U.S. Legislators Turn To Blockchain To Fight Infectious Fungal Diseases

U.S. lawmakers bitcoin blockchain health care

Lawmakers in the United States are relying on blockchain technology to provide solutions in health care, specifically around infectious and fungal diseases.

Representatives on the Congressional Valley Fever Task Force have brought forward recommendations for a blockchain pilot, which they hope would allow medical practitioners to more easily share patient information for the treatment of conditions like valley fever.

The condition, which causes chest pain, coughing and fever, is caused by coccidioides, a fungus that is known to thrive in soil, especially in southwestern states. It is one of a number of fungal infections and medical conditions lawmakers propose could benefit from blockchain technology.

The recommendations form part of the FORWARD Act, and have been introduced by task force co-chairs David Schweikert and Kevin McCarthy, with the backing of representatives including Kyrsten Sinema, Martha McSally and Karen Bass.

The proposals aim to make it more straightforward for doctors to share information in a time-critical environment, which it is hoped could allow better decision-making in what are often life-or-death scenarios.

In a statement on the proposals from Schweikert, he said that a blockchain solution could become the future of medical research in dealing with fungal infections and other medical conditions.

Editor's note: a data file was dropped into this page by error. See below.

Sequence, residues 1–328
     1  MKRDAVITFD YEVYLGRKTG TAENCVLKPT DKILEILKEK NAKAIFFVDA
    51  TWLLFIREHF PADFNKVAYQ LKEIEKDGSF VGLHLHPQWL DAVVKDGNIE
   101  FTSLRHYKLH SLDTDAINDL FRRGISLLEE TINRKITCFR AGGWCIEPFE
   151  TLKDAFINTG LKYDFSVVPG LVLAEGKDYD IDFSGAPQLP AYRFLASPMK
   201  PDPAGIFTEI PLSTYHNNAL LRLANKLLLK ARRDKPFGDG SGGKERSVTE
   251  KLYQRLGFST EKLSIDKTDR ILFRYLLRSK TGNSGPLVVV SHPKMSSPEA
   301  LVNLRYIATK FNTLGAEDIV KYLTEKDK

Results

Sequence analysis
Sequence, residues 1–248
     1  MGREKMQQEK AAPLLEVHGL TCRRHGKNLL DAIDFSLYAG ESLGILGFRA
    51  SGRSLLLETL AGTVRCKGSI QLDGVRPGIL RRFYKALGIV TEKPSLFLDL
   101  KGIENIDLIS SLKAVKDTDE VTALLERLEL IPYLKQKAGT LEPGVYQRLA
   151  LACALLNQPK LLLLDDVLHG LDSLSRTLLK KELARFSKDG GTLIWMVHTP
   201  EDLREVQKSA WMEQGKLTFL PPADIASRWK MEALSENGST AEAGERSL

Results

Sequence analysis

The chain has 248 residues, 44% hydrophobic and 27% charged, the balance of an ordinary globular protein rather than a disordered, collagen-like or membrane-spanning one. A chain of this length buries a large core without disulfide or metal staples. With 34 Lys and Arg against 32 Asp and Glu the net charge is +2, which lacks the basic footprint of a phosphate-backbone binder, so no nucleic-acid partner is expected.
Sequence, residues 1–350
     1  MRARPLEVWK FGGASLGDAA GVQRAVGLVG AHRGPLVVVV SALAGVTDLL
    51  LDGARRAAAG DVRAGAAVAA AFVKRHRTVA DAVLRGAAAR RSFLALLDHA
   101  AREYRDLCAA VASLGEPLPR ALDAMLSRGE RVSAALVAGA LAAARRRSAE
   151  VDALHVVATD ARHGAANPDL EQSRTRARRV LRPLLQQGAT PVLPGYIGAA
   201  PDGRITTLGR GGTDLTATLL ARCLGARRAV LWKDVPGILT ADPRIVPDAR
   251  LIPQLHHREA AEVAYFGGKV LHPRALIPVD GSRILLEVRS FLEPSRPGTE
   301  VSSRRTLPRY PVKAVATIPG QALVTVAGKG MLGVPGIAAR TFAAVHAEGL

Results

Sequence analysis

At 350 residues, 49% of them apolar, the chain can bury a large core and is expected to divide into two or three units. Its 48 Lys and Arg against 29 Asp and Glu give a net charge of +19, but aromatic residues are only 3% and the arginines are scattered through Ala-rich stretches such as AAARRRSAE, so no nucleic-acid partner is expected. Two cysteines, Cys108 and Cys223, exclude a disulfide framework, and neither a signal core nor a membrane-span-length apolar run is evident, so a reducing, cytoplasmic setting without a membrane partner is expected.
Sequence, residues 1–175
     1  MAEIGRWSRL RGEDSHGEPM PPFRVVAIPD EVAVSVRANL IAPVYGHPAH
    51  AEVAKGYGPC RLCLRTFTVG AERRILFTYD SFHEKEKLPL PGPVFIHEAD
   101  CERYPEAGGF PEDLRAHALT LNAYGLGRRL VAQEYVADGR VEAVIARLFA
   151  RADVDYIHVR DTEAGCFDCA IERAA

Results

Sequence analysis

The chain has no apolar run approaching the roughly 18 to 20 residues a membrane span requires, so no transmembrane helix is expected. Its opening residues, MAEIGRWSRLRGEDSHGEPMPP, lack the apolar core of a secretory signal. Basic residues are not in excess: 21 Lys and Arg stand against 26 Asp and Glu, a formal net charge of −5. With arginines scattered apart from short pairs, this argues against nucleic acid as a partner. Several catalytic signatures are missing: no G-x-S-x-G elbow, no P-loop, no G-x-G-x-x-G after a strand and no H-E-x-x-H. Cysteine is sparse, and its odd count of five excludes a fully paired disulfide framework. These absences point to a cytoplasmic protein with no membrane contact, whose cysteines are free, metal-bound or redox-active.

“Our design for collecting critical clinical data, while protecting patient privacy through the use of blockchain, should become the future of medical research.”

According to the Centers for Disease Control and Prevention, there are some 10,000 cases of valley fever reported each year, mostly from California and Arizona. The condition results in a potentially deadly lung infection, which requires effective treatment.

The blockchain pilot would allow the recording and transfer of patient data virtually instantly, as well as removing much of the cost associated with storing and moving the data.

Medicine and patient data handling has long been thought to be one of the most significant use cases for blockchain technology.

The move demonstrates how lawmakers in the U.S. are now becoming increasingly attuned to the benefits of blockchain technology, including beyond the narrow financial or commercial sector use cases.